III. A Growing Number of States Are Stepping in to Fill the Gap Left by the Failure to Include Sexual Orientation as a Protected Category Under Federal Law Prohibiting Discrimination in Places of Public Accommodation
Several years prior to her appointment as an EEOC Commissioner, Professor Feldblum began one of her articles with a hypothetical involving a B&B that refused to accommodate a same sex couple. (160) Based in part upon her experiences representing Catholic Charities USA for thirteen years, (161) Feldblum expressed sympathy for evangelical Christian couples who wish to exclude persons from their B&Bs on religious grounds. (162) Nevertheless, she concluded that society should come down in favor of gay people in this "zero-sum" game. (163) Feldblum explained that, "[o]nce individuals choose to enter the stream of economic commerce by opening commercial establishments, I believe it is legitimate to require that they play by certain rules." (164)
Indeed, in United States v. Lee, (165) the United States Supreme Court held that "[w]hen followers of a particular sect enter into commercial activity as a matter of choice, the limits they accept on their own conduct as a matter of conscience and faith are not to be superimposed on the statutory schemes which are binding on others in that activity." (166) Thus, prohibitions against discrimination in places of public accommodation because of sexual orientation do not force residential property owners to invite guests into their homes contrary to their religious consciences. Instead, these laws merely require that once a decision has been made to allow transient guests into one's home for commercial purposes, proprietors of these establishments may not discriminate against potential customers based upon their sexual orientation. Of course, federal law does not currently prohibit discrimination because of sexual orientation in places of public accommodation. (167)
Title II of the Civil Rights Act of 1964, (168) expressly enumerates only four protected categories: race, color, religion, or national origin. However, a growing number of states (and localities (169)) have since included sexual orientation as a protected category in their respective public accommodation laws, (170) beginning with the State of Massachusetts in 1989 (171) and, most recently, the State of Maryland in 2009. (172) In addition to the District of Columbia, (173) a total of twenty-one states now include express prohibitions against discrimination because of sexual orientation in places of public accommodation. (174) Furthermore, in the context of legislation creating a commission to study, analyze, and recommend solutions to address various forms of discrimination, (175) the State of Wisconsin recently declared that sexual orientation "ought not to be made [a] test in the matter of the right of any person to ... enjoy the equal use of public accommodations and facilities[.]" (176)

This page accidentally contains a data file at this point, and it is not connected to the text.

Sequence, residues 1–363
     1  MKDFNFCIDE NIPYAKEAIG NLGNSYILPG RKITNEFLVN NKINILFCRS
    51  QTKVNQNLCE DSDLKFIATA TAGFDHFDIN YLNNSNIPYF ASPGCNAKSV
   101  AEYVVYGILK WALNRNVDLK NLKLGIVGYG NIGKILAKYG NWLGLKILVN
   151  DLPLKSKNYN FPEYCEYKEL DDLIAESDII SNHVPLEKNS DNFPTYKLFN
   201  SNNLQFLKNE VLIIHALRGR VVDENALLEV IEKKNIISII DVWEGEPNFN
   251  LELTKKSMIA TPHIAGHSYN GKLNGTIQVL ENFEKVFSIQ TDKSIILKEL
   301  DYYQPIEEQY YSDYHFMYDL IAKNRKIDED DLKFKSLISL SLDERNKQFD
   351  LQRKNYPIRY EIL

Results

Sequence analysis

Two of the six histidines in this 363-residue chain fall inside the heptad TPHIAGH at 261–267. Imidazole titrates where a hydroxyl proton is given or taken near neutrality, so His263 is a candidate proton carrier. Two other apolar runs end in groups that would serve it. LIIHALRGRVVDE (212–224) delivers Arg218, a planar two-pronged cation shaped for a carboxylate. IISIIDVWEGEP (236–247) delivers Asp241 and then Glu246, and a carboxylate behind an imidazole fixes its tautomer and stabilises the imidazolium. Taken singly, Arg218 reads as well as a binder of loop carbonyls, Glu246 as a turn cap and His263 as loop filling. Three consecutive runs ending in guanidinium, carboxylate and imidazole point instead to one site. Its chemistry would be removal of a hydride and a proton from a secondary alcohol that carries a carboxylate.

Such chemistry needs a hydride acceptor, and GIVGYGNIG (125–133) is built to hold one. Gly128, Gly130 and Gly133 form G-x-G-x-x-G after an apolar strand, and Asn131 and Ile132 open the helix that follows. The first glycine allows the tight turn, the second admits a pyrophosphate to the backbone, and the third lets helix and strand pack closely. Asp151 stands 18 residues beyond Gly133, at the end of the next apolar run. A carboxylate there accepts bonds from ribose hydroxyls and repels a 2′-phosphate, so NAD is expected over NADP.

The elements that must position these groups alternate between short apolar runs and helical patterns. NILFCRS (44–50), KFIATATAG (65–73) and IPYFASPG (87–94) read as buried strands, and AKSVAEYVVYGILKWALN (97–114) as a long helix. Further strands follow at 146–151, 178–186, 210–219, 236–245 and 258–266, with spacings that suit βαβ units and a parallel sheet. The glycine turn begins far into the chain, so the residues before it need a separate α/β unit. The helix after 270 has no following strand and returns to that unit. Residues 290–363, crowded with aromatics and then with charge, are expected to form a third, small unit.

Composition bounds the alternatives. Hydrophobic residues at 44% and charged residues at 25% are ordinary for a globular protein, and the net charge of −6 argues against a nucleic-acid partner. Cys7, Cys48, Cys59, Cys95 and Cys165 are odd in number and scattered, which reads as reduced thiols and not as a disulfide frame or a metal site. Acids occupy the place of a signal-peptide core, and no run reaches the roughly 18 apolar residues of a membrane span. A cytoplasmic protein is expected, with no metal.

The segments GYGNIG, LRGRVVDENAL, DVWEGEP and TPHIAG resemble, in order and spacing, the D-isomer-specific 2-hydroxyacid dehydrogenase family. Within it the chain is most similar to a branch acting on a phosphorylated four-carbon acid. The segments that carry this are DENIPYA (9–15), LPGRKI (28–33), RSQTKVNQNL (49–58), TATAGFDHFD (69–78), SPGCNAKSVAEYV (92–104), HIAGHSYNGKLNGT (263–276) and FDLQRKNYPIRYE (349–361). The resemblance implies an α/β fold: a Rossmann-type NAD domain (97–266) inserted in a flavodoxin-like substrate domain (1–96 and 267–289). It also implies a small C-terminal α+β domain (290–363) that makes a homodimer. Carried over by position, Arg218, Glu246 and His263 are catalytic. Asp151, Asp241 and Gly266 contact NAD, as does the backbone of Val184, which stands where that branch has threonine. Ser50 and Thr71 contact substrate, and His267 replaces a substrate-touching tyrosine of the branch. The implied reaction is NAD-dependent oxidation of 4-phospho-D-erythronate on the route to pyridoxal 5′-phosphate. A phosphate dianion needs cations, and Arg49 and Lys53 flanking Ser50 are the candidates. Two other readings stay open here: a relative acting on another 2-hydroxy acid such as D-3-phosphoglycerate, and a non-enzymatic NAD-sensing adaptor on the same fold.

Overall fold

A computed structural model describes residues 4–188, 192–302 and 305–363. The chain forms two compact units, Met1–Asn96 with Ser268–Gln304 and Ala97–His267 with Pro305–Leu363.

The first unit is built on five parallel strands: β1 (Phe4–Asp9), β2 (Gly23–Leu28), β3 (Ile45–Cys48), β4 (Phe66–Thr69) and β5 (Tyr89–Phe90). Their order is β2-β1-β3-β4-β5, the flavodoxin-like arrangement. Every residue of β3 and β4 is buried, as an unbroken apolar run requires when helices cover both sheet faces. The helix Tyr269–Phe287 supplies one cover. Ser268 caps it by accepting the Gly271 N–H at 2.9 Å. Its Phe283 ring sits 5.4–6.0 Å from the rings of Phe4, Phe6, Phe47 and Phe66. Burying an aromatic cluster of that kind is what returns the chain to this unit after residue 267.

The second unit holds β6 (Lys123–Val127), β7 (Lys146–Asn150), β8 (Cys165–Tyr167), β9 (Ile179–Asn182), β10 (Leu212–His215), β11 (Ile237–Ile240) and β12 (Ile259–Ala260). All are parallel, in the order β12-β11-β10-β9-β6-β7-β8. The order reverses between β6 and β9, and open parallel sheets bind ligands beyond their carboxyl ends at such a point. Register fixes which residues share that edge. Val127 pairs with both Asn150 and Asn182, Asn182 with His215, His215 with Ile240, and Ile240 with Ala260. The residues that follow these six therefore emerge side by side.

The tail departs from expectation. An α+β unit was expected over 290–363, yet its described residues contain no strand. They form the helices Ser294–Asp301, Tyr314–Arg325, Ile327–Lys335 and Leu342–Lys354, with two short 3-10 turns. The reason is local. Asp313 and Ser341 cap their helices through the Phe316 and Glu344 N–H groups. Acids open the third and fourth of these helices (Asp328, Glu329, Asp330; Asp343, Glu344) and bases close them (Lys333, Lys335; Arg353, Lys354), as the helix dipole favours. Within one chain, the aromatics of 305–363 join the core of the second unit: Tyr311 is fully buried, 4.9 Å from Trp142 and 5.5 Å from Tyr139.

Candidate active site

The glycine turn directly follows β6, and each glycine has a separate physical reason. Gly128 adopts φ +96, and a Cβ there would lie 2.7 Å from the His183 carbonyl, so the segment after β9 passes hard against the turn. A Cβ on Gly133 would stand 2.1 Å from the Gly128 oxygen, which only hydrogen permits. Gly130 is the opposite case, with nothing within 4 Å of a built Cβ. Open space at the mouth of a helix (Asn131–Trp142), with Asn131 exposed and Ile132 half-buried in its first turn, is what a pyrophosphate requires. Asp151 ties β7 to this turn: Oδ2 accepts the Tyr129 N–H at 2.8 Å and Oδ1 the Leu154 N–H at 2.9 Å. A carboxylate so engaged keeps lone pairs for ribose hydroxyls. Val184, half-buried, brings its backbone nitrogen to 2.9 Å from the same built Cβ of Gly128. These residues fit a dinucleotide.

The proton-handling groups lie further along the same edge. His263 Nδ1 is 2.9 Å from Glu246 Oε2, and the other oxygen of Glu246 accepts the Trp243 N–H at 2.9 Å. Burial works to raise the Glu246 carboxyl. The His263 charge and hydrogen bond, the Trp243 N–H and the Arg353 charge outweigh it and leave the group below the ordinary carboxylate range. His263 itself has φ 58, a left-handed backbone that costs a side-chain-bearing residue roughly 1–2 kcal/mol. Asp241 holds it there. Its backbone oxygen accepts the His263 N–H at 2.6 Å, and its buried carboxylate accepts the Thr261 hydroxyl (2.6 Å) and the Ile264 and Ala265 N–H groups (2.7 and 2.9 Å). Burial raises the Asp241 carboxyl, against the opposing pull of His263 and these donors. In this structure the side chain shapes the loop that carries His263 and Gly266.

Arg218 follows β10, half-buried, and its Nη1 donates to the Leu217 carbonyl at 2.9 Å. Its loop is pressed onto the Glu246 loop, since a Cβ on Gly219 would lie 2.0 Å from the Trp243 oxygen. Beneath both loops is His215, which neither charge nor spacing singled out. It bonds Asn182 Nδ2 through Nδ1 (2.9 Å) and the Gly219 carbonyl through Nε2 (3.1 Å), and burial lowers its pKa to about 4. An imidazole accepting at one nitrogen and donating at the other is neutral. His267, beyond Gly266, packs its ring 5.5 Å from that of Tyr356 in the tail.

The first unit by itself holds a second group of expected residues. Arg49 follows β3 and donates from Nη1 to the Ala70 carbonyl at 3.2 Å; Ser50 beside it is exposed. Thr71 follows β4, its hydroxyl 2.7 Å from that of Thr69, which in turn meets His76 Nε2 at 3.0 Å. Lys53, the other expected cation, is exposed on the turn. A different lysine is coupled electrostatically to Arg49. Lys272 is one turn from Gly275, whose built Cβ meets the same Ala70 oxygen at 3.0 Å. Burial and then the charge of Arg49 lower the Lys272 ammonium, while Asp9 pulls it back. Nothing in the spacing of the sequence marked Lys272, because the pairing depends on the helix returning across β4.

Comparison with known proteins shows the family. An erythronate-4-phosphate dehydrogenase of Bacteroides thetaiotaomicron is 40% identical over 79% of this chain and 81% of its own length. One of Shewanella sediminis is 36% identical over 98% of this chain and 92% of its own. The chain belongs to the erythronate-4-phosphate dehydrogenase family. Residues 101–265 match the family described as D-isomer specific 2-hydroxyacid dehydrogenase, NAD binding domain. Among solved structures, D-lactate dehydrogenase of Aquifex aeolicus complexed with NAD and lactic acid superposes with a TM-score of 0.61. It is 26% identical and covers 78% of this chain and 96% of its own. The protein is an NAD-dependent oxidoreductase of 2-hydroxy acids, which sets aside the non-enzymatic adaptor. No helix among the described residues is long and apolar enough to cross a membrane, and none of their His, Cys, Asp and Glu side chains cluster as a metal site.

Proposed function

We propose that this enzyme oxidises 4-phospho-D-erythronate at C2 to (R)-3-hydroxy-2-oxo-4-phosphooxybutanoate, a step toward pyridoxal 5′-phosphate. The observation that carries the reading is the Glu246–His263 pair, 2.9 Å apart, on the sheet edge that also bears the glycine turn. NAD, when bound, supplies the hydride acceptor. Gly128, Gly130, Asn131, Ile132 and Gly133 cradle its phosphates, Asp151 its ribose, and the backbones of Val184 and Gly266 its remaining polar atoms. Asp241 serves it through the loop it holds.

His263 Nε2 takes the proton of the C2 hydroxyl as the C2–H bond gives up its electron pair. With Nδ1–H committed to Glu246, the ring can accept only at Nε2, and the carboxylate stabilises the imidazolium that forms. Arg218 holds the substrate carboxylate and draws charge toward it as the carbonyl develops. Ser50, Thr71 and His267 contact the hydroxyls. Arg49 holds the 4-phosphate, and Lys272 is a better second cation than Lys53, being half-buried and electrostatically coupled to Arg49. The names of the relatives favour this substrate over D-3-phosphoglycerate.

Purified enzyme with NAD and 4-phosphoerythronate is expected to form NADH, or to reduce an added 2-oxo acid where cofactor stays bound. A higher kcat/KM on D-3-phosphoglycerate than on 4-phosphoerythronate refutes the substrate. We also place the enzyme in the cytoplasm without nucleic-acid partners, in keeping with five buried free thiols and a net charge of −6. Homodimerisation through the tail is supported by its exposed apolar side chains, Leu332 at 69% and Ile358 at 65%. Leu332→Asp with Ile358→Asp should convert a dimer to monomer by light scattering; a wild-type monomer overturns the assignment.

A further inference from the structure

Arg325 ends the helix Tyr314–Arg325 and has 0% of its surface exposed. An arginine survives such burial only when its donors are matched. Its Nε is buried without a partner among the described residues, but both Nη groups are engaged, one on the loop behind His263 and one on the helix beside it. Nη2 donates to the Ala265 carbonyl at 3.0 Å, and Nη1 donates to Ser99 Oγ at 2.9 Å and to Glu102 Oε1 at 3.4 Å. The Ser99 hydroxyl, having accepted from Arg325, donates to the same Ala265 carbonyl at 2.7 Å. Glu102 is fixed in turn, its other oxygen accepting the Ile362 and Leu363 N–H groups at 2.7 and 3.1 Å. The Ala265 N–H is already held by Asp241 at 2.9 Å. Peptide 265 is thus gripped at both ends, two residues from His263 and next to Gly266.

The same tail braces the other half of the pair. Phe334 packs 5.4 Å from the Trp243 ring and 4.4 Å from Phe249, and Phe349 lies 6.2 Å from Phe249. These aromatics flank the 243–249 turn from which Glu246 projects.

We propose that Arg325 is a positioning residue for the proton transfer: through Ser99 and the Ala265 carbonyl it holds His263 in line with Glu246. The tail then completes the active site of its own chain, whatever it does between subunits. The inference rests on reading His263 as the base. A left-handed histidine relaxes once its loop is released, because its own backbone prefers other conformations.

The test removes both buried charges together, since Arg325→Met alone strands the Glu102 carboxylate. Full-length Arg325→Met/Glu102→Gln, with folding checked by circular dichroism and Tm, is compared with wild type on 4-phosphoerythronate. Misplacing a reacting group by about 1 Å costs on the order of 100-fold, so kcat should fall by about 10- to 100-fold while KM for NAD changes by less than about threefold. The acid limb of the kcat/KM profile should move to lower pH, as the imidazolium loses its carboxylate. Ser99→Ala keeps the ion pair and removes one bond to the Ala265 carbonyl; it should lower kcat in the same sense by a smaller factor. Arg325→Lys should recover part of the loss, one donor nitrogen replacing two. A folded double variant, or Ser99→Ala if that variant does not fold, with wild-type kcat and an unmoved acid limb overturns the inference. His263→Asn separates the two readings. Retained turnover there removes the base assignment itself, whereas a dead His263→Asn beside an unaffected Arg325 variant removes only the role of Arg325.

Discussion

Five (177) of the twenty-one states mentioned above (in addition to counties and municipalities in other areas (178)) include an exception analogous to the so-called "Mrs. Murphy" exemption for proprietors of small transient accommodations under federal law, (179) further demonstrating the "place-based" nature of this ongoing Kulturkampf between religious freedom and civil rights.
Thus, in the small minority of jurisdictions identified above that have adopted Mrs. Murphy exemptions (180) and in those states and localities that do not include sexual orientation as a protected category, the discriminatory vestiges of our federal public accommodations law continue to provide a safe haven for "Jim Crow's Other Cousin"--viz., discrimination against the LGBTQI community. (181) This state-by-state patchwork of civil rights laws reveals the "beachhead federalism" (182) that results from our ongoing Kulturkampf between religious convictions and equality for gays and lesbians. Beyond the day-to-day and legislative venues, this cultural performance also continues to play itself out in the courts. …